Tuesday, October 21, 2008

The Extreme Mustang Makeover

The Extreme Mustang Makeover takes place every September in Ft. Worth, Texas, where one hundred horse trainers from all over the United States volunteer to take on a wild mustang and train it for one hundred days. I had the pleasure of attending this year’s event, and I can’t remember the last time I have been in such good company. As I walked around the barn interviewing trainers about their experiences in working with the mustangs, I was humbled by the love and devotion these hard working folk felt for their animal.

Only three months and ten days after being introduced, the trainers and their mustangs congregate at the Will Rogers Memorial Center to compete and show what they have been able to teach this animal that had never been handled before. After the competition, there is an auction to sell the gentled mustangs, and all of the proceeds go back into the program. The trainers receive $500 and a wild mustang; all other expenses, and the time spent to train the mustang come out of their own hip pocket, and the goodness of their hearts. Many of them had hopes of buying their mustang back through the auction and returning home together. Most could not afford to do this.

There were three levels of competitors, the stars, idols and legends. Depending on the level of competition, the trainers led their mustang through a routine of required movements, such as walking, trotting, cantering, stopping and backing up. Many trainers had taught their mustang to lie down, bow, spin, and gallop across the arena doing flying lead changes and other fancy maneuvers.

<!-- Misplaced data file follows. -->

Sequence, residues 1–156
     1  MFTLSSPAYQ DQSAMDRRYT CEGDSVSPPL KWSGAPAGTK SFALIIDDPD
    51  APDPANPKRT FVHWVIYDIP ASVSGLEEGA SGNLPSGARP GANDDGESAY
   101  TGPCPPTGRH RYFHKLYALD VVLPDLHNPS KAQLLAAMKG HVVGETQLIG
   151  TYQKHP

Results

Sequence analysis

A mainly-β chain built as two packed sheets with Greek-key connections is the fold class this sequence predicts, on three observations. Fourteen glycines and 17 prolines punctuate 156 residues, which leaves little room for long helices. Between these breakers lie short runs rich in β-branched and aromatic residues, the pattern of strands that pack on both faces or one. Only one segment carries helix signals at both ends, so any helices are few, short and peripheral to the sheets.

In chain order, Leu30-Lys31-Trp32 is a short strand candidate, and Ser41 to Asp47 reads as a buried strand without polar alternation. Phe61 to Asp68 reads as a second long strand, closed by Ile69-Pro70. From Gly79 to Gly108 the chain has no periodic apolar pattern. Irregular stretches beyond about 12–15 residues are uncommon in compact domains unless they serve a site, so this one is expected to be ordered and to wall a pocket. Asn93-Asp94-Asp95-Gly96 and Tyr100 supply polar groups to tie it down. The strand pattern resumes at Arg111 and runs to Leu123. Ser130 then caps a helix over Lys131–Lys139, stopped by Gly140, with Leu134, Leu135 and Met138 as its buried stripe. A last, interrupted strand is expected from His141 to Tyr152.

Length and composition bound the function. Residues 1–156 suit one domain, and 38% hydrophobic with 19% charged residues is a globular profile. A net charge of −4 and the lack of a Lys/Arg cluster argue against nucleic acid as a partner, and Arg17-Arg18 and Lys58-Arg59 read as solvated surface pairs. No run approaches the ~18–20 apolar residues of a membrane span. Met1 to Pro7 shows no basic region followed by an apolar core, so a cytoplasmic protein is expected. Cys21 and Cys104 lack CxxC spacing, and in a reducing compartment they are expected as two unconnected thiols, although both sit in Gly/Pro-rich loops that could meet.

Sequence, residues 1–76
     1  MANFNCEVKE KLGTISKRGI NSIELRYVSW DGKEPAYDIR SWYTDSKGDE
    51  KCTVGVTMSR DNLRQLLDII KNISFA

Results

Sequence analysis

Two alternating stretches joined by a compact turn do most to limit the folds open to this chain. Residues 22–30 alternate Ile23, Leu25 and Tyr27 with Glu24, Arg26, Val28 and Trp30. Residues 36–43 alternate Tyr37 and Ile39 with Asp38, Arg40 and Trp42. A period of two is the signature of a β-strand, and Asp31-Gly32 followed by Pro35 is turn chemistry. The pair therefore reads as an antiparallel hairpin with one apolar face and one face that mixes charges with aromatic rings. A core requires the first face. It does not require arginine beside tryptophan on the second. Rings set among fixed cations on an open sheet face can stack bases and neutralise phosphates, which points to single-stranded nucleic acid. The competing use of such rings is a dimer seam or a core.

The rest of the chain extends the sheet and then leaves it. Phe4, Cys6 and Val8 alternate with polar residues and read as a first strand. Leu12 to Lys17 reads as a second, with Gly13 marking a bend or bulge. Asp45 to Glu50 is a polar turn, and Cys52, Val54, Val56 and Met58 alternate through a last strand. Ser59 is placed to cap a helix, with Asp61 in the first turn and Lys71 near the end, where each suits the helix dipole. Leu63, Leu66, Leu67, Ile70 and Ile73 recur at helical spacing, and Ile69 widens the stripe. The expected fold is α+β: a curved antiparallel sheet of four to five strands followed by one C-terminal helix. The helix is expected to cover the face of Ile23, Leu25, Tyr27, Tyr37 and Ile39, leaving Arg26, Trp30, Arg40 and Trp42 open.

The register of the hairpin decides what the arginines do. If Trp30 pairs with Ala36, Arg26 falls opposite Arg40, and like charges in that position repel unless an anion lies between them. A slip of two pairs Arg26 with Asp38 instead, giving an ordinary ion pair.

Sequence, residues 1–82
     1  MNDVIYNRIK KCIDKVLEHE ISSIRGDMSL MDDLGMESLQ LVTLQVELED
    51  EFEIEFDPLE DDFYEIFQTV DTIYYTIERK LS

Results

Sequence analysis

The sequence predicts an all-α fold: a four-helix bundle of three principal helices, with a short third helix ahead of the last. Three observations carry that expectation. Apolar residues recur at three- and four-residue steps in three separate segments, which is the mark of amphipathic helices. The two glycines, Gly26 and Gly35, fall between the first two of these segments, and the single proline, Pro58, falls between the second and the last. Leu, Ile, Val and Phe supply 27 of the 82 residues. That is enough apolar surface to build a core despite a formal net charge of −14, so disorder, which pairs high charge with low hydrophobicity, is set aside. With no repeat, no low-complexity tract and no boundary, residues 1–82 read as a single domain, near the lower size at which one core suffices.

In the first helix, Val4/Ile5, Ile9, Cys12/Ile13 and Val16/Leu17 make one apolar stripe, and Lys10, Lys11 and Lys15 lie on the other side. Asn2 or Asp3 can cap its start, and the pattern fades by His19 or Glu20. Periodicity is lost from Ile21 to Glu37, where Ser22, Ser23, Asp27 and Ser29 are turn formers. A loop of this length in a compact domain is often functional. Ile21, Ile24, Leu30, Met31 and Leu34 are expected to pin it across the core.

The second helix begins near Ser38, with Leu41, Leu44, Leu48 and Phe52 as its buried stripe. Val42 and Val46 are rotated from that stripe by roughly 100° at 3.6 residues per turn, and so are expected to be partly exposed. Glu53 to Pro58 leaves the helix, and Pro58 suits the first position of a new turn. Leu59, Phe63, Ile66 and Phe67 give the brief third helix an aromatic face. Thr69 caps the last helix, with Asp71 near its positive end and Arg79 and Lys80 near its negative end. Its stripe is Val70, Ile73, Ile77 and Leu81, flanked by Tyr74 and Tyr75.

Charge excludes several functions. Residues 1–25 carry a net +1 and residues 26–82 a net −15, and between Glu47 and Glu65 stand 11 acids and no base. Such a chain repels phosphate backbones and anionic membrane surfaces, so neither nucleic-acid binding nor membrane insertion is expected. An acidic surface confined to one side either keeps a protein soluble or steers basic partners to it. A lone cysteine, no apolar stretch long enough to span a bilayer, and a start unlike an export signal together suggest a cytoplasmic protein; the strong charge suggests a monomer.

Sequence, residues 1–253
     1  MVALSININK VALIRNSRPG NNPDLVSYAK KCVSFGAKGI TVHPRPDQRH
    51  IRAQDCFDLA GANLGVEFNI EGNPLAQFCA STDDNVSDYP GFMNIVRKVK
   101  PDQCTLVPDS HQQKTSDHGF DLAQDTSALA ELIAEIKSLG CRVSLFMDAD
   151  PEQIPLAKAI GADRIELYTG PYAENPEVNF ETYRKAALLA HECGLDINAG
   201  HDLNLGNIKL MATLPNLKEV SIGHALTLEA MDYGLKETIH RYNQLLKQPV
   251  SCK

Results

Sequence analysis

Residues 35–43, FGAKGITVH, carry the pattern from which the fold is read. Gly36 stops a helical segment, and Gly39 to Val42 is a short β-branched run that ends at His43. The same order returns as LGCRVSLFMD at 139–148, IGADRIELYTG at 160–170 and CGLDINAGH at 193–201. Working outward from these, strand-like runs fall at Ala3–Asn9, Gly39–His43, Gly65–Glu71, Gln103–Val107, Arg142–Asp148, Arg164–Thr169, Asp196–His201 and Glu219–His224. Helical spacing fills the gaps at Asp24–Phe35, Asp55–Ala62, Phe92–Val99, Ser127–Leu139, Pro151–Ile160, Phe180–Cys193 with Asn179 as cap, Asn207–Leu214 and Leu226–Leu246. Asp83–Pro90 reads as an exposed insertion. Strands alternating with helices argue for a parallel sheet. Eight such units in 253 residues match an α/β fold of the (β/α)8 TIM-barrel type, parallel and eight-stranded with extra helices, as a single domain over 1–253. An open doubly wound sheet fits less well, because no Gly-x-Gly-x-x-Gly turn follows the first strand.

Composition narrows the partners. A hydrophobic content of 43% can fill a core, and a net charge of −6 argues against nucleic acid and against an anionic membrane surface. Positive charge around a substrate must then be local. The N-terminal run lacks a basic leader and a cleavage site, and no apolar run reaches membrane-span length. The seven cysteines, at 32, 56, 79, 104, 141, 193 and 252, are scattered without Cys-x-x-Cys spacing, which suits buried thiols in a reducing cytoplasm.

In addition to the one hundred trainers taking on a mustang to train, another one hundred youth volunteered to take a mustang yearling to gentle and put up for adoption. Again, I was taken by the courage and love of horses these children possessed, and the boundless support their families had devoted to this cause.

The Mustang Heritage Foundation, www.mustangheritagefoundation.org , sponsors this event every year with the intention of raising awareness about wild mustangs and encouraging adoption. It is the responsibility of the Bureau of Land Management to care of the herds of wild mustangs that live in remote areas of fourteen states. As part of their management program, the BLM conducts gathers, taking a percentage of the herds every year. If the gathered mustangs are not adopted, they are shipped to holding facilities where they spend the rest of their lives. Currently, there are over 33,000 mustangs standing in holding facilities across the United States.

I will be posting the stories of the trainers and young people I had the pleasure of interviewing. This first of which is with Mark Lyons and his mustang, Christian, the winners of the Legends Class Finals! Don’t miss this one!

To view a collage of photographs from this wonderful event,
click here.